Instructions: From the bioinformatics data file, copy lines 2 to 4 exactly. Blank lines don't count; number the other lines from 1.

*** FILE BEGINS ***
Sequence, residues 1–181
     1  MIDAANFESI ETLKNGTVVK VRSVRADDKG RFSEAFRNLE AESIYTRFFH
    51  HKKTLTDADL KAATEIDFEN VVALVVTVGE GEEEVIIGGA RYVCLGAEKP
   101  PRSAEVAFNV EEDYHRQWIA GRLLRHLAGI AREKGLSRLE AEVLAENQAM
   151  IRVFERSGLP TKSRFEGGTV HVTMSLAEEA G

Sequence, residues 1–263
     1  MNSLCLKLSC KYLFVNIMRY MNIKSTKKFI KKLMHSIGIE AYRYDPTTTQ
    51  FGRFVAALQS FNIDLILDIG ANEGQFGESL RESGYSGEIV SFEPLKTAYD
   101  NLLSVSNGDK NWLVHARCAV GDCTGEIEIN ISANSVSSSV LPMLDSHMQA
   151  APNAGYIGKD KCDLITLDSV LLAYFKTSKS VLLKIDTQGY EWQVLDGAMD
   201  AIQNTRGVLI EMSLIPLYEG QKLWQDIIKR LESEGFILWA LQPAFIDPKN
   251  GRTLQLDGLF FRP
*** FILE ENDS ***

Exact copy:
     1  MIDAANFESI ETLKNGTVVK VRSVRADDKG RFSEAFRNLE AESIYTRFFH
    51  HKKTLTDADL KAATEIDFEN VVALVVTVGE GEEEVIIGGA RYVCLGAEKP
   101  PRSAEVAFNV EEDYHRQWIA GRLLRHLAGI AREKGLSRLE AEVLAENQAM